11/22/2013 05:21 EST | Updated 01/25/2014 04:01 EST

Saskatchewan government working with health region to solve overnight ER closure

REGINA - Saskatchewan's health minister says his department is working with the health region to address the closure of a Regina hospital's emergency room at night.

Dustin Duncan says there will be some staff at the Pasqua Hospital to assess people, and anyone with an acute problem will be sent by ambulance to the General Hospital.

Duncan would also like people to consider options such as walk-in clinics.

He points to a recent report that said 15 to 20 per cent of patients who come into ERs in Regina don't have serious medical emergencies.

A lack of doctors has forced the Pasqua Hospital to shut its ER doors between 7:30 p.m. and 8 a.m. starting next week.

The NDP opposition wants the government to completely overhaul its current hospital staffing strategy.

The Regina Qu'Appelle Health Region says despite efforts to recruit doctors, staffing levels are still one-third below what is needed to keep both of the city's emergency departments open.

The health ministry and the health region are working to recruit 10 more doctors.

The New Democrats say that alone won't solve the problem.

“One of the ERs in the capital city of a booming province has had to reduce its hours. That is not acceptable,” said NDP health critic Danielle Chartier. “The government has buried its head in the sand over the last few years when it comes to some of the broader issues in health care.”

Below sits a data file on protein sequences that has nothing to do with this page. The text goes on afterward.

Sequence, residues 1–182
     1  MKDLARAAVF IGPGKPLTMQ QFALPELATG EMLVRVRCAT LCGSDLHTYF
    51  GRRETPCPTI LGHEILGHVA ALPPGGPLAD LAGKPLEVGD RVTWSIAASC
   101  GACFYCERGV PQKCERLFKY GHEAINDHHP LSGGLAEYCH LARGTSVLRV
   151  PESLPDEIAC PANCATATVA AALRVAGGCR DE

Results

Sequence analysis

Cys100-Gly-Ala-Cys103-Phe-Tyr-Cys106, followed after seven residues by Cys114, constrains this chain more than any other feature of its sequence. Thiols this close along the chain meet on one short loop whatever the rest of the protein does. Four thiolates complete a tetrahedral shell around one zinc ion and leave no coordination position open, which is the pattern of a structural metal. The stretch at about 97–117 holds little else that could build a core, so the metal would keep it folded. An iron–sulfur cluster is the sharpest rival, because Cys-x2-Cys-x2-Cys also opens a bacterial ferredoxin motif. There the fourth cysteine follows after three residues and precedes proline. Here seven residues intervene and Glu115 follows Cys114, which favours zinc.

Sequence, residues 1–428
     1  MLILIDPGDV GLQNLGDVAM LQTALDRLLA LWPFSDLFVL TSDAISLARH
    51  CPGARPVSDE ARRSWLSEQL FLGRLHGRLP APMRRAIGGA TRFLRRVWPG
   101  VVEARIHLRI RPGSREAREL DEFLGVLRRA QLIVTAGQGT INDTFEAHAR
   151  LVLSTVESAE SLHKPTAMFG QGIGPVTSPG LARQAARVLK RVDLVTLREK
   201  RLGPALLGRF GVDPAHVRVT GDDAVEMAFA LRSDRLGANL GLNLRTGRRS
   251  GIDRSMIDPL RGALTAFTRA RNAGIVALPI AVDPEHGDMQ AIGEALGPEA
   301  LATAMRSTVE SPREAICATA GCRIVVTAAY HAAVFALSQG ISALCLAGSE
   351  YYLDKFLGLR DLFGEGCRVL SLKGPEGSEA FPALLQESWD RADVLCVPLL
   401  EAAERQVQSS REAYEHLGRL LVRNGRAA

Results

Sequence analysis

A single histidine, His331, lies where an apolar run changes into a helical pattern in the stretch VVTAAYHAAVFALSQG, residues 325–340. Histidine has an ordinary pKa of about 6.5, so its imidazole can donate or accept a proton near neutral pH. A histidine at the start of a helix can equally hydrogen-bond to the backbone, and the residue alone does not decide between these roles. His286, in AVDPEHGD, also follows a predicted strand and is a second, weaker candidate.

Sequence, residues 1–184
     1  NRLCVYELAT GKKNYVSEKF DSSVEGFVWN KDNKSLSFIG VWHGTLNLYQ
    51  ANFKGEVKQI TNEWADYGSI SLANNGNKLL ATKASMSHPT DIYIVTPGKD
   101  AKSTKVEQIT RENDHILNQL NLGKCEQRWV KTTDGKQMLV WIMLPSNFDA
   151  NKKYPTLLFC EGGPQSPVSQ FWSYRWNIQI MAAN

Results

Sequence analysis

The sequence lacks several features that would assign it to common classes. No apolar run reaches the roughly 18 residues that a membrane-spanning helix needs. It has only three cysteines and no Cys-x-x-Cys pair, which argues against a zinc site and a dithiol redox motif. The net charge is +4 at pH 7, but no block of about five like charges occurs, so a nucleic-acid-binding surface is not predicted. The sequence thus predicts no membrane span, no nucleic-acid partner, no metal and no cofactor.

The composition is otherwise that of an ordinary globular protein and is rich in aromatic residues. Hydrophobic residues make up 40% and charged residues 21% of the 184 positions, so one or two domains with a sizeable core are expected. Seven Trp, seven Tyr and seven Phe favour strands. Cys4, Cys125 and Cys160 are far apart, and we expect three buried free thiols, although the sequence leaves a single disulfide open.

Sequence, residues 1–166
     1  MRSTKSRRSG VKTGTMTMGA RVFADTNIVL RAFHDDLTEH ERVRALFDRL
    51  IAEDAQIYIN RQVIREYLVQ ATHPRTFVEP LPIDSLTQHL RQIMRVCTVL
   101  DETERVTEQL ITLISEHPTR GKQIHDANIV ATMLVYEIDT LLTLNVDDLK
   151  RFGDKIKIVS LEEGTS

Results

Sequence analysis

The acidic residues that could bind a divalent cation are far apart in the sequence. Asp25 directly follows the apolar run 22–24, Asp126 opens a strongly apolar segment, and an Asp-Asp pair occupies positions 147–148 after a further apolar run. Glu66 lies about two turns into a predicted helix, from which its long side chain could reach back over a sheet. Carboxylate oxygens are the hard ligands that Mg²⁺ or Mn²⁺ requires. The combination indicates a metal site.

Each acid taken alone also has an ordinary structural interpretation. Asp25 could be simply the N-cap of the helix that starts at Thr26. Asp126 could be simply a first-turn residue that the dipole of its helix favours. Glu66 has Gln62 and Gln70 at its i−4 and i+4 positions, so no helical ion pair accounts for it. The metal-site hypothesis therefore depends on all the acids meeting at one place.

Chartier pointed to overcrowding and overwork in ERs as reasons for why it is difficult to keep doctors.

“It’s not just a recruitment issue. If you can get people here, that’s great, but emergency room physicians have identified it as a retention issue themselves.”

Chartier added that a lack of other support staff in ERs is another reason that doctors leave.

Duncan suggested successful contract negotiations might help keep ER physicians.

“That will ... make Saskatchewan a more competitive place versus other provinces like Ontario and Alberta where we do lose ER physicians to,” he said.

Duncan said there are other reasons besides salary why doctors leave.

“We can address some of those issues, such as having overworked emergency staff, once we are able to stabilize the existing physicians who are here.”